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WNYC Broadcasts From One of the First Anti-Nazi Rallies Held in the U.S.

History Notes: Volume 2, Issue 3

Friday, January 21, 2011 - 12:09 PM

Dr. John Haynes Holmes addressed tens of thousands at an anti-Nazi rally in Battery Park on May 10, 1933, broadcast over WNYC. The Pastor of the Community Church recalled his earlier protests of the pogroms against the Jews in Czarist Russia and said, Hitler was "more cruel than the Czar."

Holmes went on to say, "Millions of American men and women today stand ready to denounce Hitler and his activities, regardless of race or creed. There is no liberty in Germany today. We are told we should not protest the persecution of Jews in Germany because it will endanger their safety there. The protest against the Hitler government is the outspoken opinion of mankind."

Pastor Holmes was joined before the microphones by former Secretary of State Bainbridge Colby, former Congressman Fiorello H. La Guardia, labor leader David Dubinsky, Rabbi Stephen S. Wise, and many other Jewish leaders. The anti-Nazi rally followed a three mile march by 100,000 demonstrators from Madison Square to Battery Park and was organized by the American Jewish Congress. The march and rally were among the first major public protests against Hitler since his coming to power several months earlier. Simultaneous demonstations were held in Chicago, Philadelphia and Paris.

Meanwhile in German university towns, Nazi youth grouths and students gathered around bonfires to burn books deemed 'anti-German' and 'anti-Aryan.' These included works by Sigmund Freud, Albert Einstein, Bertolt Brecht, Karl Marx and Thomas Mann. Rabbi Wise told radio listeners and those attending the rally, "This will stand as a tragic day in the annals of the German people, for they have done an ignoble deed which after a time they will choose not to remember, but which history will not let them forget."

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Broadcast on WNYC today in:

1927: Captain Roald Amundsen and Lincoln Ellsworth are honored by the American Scenic and Historic Preservation Society at the American Museum of National History. The two flyers led an expedition which traveled by dirigible across the North Pole from Spitzbergen, Norway to Alaska in the Spring of 1926.

1945: Mayor Fiorello H. La Guardia in his regular weekly Talk to the People reads some excerpts from President Roosevelt's fourth innaugural address delivered the previous day. He introduces it this way: "I am going to talk about the patience we must have before victory comes and the fortitude to take whatever comes. Yesterday, at twelve-o-clock, the President of the United States was inducted into office. Called into service by a mighty draft board consisting of all the American people - a willing inductee who did not claim exemption for having served three previous hitches. The candidate of a political party became the President of all Americans; Commander-in-Chief of all our armed forces; the leader of 135,000,000 people at war. His is the responsibility of leadership, ours is the responsibility of cooperation and following. We must all do more, we are not doing enough. If we need inspiration, let me quote now..."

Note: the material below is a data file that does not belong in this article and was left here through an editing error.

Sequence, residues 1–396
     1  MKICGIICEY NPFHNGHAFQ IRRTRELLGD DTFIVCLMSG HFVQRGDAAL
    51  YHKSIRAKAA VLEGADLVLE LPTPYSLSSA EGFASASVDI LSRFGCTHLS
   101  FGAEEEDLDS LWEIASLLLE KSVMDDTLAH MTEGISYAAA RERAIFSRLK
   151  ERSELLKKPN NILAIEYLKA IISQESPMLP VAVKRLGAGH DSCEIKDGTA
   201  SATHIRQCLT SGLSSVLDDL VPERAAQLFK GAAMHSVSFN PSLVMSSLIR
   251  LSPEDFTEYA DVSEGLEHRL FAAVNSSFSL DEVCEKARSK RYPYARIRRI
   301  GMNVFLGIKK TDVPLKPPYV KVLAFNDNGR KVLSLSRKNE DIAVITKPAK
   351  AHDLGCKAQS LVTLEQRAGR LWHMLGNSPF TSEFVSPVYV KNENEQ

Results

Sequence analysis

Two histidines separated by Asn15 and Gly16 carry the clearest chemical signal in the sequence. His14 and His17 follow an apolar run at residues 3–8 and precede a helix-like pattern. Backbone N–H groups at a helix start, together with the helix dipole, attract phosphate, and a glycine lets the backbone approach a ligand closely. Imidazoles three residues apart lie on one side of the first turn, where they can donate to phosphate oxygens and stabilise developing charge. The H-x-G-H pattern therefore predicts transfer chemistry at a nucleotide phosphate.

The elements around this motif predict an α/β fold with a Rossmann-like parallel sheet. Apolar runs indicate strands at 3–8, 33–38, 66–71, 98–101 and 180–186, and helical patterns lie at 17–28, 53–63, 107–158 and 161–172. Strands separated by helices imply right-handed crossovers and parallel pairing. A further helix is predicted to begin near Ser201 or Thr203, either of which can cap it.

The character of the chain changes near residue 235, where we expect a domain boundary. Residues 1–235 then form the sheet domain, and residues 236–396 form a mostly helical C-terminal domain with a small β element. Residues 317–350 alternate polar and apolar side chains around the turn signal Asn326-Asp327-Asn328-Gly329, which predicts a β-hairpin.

1954: The New York Herald Tribune Books and Authors Luncheon. Today's speakers are: Admiral Leslie Cark Stevens, Nebraska author Mari Sandoz and diplomat Chester Bowles.

1963: Fund for the Republic's 10th Annual Convocation. Speeches on the subject of technology by historian Lewis Mumford and Gerard Piel, Editor of the Scientific American. Admiral Hyman Rickover, Harrison Brown of the California Institute of Technology and Sol M. Linowitz, Chairman of the Board of Xerox Corporation are critical of the presentation.  

1978: Lend Us Your Ears, a series of radio programs with host Lawrence Libin. In this program guest Aldolph Herseth talks about the trumpet.  The program was produced by The Metropolitan Museum of Art Recording Archives with funds from NEA and the Ampex Corporation.

1995: The Poet's Voice: William Carlos Williams. Williams, a New Jersey pediatrician, fathered a new movement in American poetry. His verse, deceptively simple and direct, is full of observations and expansive feeling.

2007: In this edition of The No Show, Steve Post reveals yet more of his darkest secrets (what might his lightest secrets be?) as he discusses "The Sweet Science versus A Back Rub" or "How a Pacifist Learns to Love Violence." Musical selections will reflect this ominous turn of mind while studiously avoiding overt references to any recent elections, winners, losers, or whatever. Same difference.  This program is recycled from November 9, 2002, and would make really good compost. 

  

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